Government spending should remain flat overall as moderate declines at the federal level--prompted by additional and, in my mind, much-needed efforts to rein in our large budget deficits--should be offset by moderate growth at the state and local levels.

Demand from abroad is not likely to change dramatically, given that the prospect for economic growth of our major trading partners still remains only moderate.

What Could Go Wrong?
Now, you might ask, What could possibly go wrong? There's always a list of things that could happen to change the outlook. Since we have such a well-balanced economy now, the good news is that there's simply less to worry about than is usually the case. Here are a couple of the things I'm keeping my eye on.

First, I think it's pretty clear that continued tightness in labor markets is a real concern for those who are concerned about business and trade like you and for policymakers like me. Job growth has continued to run well ahead of labor force growth. At our Bank, we've been finding for a while now that there's again a premium on people with automation skills. Other pockets of tightness in the Southeast have included construction and retailing as well as certain manufacturing skills like welding. Net net, labor markets are at least a question mark in my mind as I look ahead into 1997 and beyond.

A second area I'm watching--and a lot of other people are as well--is consumer spending. It's always a critical factor to watch since it makes up two-thirds of our economy. Although job growth, income growth, and confidence are at levels that should continue to support a healthy level of spending, growing levels of consumer indebtedness may begin to dampen expenditures.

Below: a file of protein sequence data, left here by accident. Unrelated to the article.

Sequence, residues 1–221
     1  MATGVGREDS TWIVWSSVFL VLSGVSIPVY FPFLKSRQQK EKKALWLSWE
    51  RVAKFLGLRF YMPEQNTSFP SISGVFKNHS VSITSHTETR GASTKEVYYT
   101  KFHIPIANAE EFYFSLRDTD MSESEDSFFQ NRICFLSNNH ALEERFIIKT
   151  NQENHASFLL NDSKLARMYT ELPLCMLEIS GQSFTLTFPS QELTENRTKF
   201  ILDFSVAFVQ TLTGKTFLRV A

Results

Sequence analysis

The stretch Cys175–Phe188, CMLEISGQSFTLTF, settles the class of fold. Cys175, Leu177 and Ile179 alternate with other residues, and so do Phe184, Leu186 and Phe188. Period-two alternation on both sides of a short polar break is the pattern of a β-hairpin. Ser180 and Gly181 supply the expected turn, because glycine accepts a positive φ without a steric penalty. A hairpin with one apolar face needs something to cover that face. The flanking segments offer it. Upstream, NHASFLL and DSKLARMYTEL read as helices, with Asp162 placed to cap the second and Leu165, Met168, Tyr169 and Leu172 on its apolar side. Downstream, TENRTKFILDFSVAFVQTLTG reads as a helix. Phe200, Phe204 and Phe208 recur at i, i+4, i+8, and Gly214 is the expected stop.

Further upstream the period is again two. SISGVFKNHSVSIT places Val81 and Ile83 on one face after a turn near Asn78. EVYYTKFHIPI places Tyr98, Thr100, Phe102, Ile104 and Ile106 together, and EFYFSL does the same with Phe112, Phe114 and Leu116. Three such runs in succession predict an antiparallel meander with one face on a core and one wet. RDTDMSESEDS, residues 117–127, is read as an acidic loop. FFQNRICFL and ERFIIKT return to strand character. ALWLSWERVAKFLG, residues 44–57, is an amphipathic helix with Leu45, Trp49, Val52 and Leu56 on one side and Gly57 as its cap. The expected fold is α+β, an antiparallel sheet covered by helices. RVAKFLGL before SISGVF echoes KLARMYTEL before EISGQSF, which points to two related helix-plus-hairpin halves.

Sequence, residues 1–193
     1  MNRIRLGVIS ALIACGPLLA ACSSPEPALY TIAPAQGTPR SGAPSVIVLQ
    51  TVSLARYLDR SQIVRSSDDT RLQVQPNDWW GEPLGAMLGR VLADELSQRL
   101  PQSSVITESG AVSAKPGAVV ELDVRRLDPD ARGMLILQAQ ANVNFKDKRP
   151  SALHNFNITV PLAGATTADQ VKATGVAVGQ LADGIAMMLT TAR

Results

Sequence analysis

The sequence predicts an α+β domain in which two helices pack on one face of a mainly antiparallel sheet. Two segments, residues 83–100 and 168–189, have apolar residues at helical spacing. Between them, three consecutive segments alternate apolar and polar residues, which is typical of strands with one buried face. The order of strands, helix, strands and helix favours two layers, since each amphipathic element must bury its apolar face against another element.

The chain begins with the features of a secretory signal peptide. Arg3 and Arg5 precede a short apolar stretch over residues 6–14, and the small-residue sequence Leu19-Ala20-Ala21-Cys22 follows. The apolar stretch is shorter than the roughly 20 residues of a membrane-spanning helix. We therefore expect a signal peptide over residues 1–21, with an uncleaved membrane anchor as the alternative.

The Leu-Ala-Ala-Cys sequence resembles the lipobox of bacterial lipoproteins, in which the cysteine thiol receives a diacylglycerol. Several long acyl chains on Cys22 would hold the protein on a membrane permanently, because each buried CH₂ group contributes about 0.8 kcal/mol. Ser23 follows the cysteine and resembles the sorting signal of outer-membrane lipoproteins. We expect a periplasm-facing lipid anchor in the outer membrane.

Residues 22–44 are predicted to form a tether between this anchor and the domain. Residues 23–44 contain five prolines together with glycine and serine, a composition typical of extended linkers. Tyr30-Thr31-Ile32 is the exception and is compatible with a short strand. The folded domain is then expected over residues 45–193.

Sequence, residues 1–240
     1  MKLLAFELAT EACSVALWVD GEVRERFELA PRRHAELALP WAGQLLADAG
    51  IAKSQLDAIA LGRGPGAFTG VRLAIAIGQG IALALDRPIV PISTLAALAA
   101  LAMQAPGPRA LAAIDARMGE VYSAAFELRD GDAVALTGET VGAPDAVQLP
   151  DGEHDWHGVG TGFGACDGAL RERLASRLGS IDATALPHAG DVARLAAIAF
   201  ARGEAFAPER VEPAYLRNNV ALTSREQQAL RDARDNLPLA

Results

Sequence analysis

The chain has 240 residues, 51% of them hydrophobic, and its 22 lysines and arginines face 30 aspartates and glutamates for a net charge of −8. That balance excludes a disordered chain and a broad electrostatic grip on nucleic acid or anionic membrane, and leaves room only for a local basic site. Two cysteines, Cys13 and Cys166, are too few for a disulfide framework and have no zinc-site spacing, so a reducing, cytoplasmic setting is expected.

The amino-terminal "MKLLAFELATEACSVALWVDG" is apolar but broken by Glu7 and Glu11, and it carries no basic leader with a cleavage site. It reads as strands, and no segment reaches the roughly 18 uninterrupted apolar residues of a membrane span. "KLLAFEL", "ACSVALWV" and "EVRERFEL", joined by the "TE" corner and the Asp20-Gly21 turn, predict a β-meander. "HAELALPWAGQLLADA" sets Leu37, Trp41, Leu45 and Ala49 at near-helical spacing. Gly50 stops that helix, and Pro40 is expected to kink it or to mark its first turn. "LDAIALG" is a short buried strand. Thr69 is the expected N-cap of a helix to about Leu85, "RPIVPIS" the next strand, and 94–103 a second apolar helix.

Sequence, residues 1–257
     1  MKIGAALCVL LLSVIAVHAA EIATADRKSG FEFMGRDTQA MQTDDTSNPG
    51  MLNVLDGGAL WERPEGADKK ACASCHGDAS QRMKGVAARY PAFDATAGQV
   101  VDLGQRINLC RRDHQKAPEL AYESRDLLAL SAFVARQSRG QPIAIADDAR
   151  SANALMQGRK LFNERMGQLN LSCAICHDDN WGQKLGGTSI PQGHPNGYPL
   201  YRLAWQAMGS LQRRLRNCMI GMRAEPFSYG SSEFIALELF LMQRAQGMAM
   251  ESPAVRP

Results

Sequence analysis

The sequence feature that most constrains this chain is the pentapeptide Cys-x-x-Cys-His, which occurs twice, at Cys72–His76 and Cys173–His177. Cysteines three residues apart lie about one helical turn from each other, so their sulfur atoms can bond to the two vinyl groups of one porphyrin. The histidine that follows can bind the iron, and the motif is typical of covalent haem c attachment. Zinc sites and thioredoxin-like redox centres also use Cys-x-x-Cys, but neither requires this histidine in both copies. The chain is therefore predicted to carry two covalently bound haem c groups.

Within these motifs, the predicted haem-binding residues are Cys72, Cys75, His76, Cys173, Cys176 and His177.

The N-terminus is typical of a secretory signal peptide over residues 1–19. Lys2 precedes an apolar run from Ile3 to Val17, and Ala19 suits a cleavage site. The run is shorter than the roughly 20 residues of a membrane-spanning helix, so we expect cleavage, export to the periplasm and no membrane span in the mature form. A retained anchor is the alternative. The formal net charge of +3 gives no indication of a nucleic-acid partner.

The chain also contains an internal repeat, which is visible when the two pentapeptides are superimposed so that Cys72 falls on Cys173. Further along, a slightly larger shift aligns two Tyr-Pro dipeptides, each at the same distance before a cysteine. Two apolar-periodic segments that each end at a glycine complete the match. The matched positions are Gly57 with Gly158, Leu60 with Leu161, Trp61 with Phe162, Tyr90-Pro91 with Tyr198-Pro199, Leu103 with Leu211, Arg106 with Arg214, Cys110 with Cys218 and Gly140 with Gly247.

These two important areas will provide useful perspectives on how things are going as 1997 unfolds.

Southeast Economic Outlook
Now let me turn to a brief discussion of how I see things shaping up for this southeastern region of the United States. It's been a long run of good economic and payroll growth for this region. Overall, I believe we will continue to grow moderately and to do slightly better than the nation as a whole in 1997, even as the Southeast's rate of growth slows to something closer to the national trend.

Given that the Southeast has outpaced the United States since the beginning of the recovery more than six years ago, this slowdown to growth just under the national average isn't really surprising. Also, we have to remember that the Southeast's economic health is closely tied to the housing industry because of our strengths in business like lumbering, appliance manufacturing, and carpeting. What that means is that when the rest of the nation is building houses, the Southeast is doing well. But since our economy is so closely tied to the housing cycle, we're also sometimes doing worse than other parts of the nation.

There's no doubt that long-term factors that have propelled the South's relatively rapid economic development are still present in abundance. But short-term decreases in the rate of people moving into the region from the rest of the country--as well as some weaknesses in certain sectors and geographic areas--are temporarily slowing our pace of growth.

Let me wind up my comments this evening by taking a look at those long-term factors that have served--and will continue to serve--the Southeast well. First, let's think about regional economies in the United States. Generally speaking, different regions offer a combination of high services and high taxes or low services and low taxes. Companies make their decision about where to locate based on what elements are most important to them. So, along with its attractive weather, the Southeast's low-service, low-tax environment has helped it to flourish and to attract a good base of businesses. The high-service, high-tax region up near Minnesota is doing well for the same reason, although I wouldn't exactly recommend the weather. By this measure, the Northeast corridor where taxes are high but services are deteriorating has not been doing so well in attracting and keeping businesses. But it's also clear that governors there are trying aggressively to do something about the situation.